The early years in a child’s life have been acknowledged for some time by experts as vitally important to growth, learning and overall development, but it is now recognised that it also impacts mental health.
Indeed, Ofsted published some international research in June 2023 that suggests high-quality early years provision can provide extra benefits to those from low-income backgrounds.
In England, the Early Years Curriculum Framework cover children from birth to the end of their reception year at school.
Here, we will explore why the early years are important for a child’s development.
Reasons Why Early Years Are Important
The first seven years of a child’s life impact all areas of their development, including their brain, health, emotions and learning.
1. Brain development
A child’s brain develops more from birth to five years old than at any other time. Brain development requires rich experiences, social interaction and stimulation. A young child’s brain is more responsive to stimulation, creating new synapses quickly and capturing information more effectively.
When children lack stimulation, their brains are smaller and less developed than their peers. It can be impossible to make up for this later in life.
2. Physical Development
Children must develop their gross and fine motor skills in early childhood. From the time they are a baby, they require opportunities to develop their strength, coordination and positional awareness.
These early skills allow a child to be active. Later in life, they lead to a greater chance of retaining health and fitness and developing strong bones, muscles and heart.
Of course, it is also vital for children to develop their gross motor skills to acquire fine motor skills that will enable them to hold a pencil and write.
It is in the early years that children acquire their attitude to learning. Young children are naturally curious and creative, which can be crushed in the wrong environment.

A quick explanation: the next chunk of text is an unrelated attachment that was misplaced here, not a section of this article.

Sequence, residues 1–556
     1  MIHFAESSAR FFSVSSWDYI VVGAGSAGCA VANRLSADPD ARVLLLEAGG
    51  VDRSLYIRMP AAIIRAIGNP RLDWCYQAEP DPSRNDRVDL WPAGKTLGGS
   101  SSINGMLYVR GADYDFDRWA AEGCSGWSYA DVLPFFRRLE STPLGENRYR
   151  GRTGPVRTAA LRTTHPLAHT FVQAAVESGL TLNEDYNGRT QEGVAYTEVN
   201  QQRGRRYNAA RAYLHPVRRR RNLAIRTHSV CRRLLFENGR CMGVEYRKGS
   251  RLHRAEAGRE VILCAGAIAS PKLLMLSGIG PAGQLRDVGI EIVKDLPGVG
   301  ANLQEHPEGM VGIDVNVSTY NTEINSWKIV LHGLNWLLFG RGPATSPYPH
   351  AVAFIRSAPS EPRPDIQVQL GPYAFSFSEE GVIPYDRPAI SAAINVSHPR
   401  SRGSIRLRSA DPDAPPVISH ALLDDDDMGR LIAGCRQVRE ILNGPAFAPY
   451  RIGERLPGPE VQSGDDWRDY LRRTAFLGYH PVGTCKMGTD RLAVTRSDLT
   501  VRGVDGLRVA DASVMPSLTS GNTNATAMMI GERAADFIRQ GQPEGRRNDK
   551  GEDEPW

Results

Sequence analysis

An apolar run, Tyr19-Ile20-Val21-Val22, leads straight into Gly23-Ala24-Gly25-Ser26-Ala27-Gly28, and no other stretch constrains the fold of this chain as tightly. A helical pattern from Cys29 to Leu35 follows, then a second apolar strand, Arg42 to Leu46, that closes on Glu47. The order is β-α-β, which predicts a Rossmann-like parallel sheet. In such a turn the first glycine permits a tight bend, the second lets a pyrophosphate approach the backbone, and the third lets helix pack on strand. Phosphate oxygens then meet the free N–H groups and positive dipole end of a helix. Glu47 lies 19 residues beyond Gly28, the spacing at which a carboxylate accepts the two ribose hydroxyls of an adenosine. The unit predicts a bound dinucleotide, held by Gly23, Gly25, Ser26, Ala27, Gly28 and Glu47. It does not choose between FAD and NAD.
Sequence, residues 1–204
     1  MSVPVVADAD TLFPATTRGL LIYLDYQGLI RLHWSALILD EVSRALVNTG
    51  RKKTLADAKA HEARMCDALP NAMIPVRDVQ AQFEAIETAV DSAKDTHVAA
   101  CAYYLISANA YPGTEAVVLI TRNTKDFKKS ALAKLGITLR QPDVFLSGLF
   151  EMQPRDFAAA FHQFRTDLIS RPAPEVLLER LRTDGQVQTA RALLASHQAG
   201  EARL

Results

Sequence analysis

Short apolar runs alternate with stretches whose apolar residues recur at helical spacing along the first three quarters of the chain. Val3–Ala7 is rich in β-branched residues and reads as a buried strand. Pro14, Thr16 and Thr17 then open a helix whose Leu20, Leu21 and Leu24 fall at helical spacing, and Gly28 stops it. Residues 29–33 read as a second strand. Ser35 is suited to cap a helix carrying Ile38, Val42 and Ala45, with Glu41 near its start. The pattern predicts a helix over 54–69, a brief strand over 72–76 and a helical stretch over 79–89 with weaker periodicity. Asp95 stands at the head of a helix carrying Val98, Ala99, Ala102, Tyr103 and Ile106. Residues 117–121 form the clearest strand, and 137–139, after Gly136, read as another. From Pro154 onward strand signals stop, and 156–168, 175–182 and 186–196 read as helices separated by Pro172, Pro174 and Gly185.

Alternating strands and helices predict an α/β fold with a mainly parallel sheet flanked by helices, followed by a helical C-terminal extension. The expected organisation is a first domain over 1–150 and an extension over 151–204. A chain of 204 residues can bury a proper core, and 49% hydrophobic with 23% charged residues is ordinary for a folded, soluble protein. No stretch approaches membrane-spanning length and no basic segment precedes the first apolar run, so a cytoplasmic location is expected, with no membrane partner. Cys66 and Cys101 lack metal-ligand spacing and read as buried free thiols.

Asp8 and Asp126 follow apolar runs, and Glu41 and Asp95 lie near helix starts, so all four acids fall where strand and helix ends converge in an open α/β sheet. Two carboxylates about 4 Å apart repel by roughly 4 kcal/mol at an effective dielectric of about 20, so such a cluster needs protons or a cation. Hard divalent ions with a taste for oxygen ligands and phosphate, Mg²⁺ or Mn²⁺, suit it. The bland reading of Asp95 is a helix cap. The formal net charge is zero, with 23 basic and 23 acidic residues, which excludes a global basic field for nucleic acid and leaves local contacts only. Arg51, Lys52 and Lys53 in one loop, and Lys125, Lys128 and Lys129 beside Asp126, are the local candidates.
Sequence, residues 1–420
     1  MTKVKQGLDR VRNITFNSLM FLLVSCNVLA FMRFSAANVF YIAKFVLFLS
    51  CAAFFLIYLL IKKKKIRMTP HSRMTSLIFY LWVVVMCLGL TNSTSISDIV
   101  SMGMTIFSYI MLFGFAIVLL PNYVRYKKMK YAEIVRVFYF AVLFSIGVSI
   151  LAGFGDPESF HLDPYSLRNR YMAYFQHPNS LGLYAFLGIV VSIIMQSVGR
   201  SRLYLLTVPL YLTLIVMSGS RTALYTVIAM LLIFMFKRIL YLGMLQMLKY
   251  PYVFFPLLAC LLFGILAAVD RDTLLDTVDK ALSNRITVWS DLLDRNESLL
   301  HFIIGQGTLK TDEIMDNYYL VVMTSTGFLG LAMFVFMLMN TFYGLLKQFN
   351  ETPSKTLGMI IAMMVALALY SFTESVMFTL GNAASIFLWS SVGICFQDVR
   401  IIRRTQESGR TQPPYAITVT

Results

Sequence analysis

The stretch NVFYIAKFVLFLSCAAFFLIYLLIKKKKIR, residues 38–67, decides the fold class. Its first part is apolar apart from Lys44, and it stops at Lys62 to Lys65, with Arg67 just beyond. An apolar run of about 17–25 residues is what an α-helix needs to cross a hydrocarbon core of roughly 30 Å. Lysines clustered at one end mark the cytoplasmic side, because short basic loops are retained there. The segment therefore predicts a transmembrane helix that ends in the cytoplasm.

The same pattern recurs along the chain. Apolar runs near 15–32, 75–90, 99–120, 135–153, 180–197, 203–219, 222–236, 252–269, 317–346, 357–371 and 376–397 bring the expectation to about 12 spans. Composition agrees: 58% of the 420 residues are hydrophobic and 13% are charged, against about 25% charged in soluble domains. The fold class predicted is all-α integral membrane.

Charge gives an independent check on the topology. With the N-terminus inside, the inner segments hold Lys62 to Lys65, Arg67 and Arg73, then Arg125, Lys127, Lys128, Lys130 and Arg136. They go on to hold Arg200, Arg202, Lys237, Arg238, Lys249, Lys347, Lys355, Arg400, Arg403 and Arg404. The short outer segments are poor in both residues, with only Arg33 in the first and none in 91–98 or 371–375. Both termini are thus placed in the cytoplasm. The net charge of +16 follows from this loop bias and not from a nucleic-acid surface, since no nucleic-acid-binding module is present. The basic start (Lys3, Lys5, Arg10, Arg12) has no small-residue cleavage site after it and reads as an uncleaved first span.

An early years curriculum that builds upon these elements is more likely to result in children who are willing to learn and try new things as they age. They must develop a “can do” attitude if they are to be successful in later life.
4. Mental Health
All teachers and educators are taught about Maslow’s Hierarchy of Needs. His 1943 theory stands today because it remains true that we all need our basic needs to be met to achieve success and happiness.
When children feel secure and safe in their early years, they are more receptive to learning and progress better. It also allows them to explore their emotions and learn to regulate them.
As they get older, children who have explored their emotions and have had excellent, supportive role models are more likely to cope with failure and be less afraid of facing challenges.
Many teachers are reporting with anecdotal evidence that they can see the impact of COVID lockdowns on the children who went through their formative years in isolation. Social interaction with peers and supportive adults is crucial to children’s well-being and development.
How can teachers and educators help children in the early years?
When teachers or educators notice a child in their care is struggling in the early years, it is vital to provide extra support as soon as possible. By identifying their challenges early, it is possible to provide opportunities to improve their development.
Where a setting needs more support, the SENDCO can arrange for a referral to an educational psychologist or seek help from their local early years support team.